Heat pumps are up to 50 per cent more energy efficient compared to a typical window AC unit, according to BC Hydro. On average, they cost between $4,000 and $10,000 to purchase and install. 

Schatz also encourages homeowners to do research on provincial rebates that may be available and get guidance from local energy advisors.

Heat pumps are up to 50 per cent more energy efficient compared to a typical window air-conditioning unit, according to BC Hydro. (CBC)

Radiant cooling

Radiant cooling uses special panels with chilled water to cool down walls and ceilings, explains Adam Rysanek, an assistant professor of environmental systems at the University of British Columbia. 

A person's body heat then radiates toward those cool panels when they stand beside or underneath them. 

Radiant cooling saves anywhere between 25 per cent to 60 per cent of energy compared to typical central air-conditioning systems, Rysanek said.

Radiant cooling works by circulating chilled water through wall or ceiling panels, which then absorb ambient heat, like a person's body heat. (Lea Ruefenacht)

More midrise, less highrise

As a bigger picture option, experts say developers should reconsider the size and design of our buildings. 

While sky-high views are popular, it would be wise to prioritize midrise buildings, says UBC-based urban design expert Patrick Condon.

"The buildings more easily shade each other, particularly on the west sides, and they're not so tall that you can't do simple things like growing trees," he explained.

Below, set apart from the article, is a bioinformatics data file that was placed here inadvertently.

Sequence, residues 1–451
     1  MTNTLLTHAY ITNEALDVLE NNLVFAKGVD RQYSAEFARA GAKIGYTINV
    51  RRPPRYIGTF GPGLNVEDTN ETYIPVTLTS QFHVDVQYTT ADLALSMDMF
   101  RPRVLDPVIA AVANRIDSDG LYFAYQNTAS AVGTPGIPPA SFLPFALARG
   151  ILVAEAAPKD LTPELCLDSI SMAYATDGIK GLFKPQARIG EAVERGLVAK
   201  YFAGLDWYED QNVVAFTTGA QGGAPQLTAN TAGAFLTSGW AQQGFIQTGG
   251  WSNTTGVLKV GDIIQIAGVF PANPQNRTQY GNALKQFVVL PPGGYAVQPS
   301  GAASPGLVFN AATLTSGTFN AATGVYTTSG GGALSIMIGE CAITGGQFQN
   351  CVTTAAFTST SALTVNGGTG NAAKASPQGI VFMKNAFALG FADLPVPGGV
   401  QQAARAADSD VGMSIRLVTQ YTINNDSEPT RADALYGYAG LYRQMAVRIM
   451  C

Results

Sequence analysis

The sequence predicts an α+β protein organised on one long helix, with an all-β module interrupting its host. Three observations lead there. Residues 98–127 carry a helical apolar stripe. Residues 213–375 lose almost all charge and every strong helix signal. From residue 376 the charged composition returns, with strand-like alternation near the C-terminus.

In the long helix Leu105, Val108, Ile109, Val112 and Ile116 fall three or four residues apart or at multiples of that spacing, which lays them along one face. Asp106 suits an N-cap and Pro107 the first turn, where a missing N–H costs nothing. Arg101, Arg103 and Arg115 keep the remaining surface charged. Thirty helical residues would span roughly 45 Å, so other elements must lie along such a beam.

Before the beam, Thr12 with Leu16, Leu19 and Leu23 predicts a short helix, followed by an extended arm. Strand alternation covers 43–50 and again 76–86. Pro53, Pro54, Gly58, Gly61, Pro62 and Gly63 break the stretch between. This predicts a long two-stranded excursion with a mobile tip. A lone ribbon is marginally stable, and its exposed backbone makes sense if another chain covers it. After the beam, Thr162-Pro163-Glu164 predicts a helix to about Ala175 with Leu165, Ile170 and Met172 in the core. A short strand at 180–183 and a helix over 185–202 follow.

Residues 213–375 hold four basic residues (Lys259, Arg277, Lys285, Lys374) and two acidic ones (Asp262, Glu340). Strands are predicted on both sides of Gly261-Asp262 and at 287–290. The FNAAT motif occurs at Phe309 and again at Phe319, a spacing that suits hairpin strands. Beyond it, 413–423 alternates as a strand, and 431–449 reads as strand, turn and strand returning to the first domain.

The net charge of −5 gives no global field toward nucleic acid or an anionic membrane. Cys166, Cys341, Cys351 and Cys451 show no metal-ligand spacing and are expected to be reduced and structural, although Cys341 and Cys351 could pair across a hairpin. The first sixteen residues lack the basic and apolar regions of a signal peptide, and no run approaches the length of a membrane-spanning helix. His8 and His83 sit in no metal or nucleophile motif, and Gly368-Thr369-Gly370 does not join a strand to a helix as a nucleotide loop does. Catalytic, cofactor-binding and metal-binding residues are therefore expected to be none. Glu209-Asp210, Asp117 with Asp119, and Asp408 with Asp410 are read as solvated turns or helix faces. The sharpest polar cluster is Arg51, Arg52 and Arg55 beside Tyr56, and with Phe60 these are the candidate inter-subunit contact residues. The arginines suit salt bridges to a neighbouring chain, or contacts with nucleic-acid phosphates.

On an urban planning level, Condon said, trees are essential for cooling because the air within the canopy of a tree can be up to five degrees lower. 

Smaller floor-to-ceiling windows

When it comes to our buildings, experts also suggest having smaller floor-to-ceiling windows, allowing for more insulation on exterior walls. 

Condos made of glass are poor insulators that allow both cool air to easily escape and that reflect hot air into the building, according to BC Hydro.

'A pretty daunting task'

While these solutions are more energy efficient, experts acknowledge they are not quick fixes, particularly for older buildings.

"Whether you're in a duplex, or whether you're in a strata that's 250 units, it's a pretty daunting task," said Tony Gioventu, executive director of the Condominium Home Owners Association of B.C.

Gioventu agrees that heat pumps and major upgrades are the best solution. While not every tenant will be able to afford retrofits, he says property managers and strata councils can prioritize cooling solutions and ask questions like: Does the building have electrical capacity for a heat pump? Will retrofitting cause future disasters? How will it be maintained?

As for Perez, when she finally felt a cooling breeze as temperatures subsided some, it was an emotional moment.

"I started crying — like, I was so happy," she said.

To prepare for future heat waves, Perez plans to purchase a portable AC unit when one is available. But if her heat-related discomfort continues, she says her next step is to now consider moving to a building with a better cooling system.


Baneet Braich

CBC Journalist

Baneet Braich is a journalist with CBC News. Connect with her at or on Twitter at @Baneet_Braich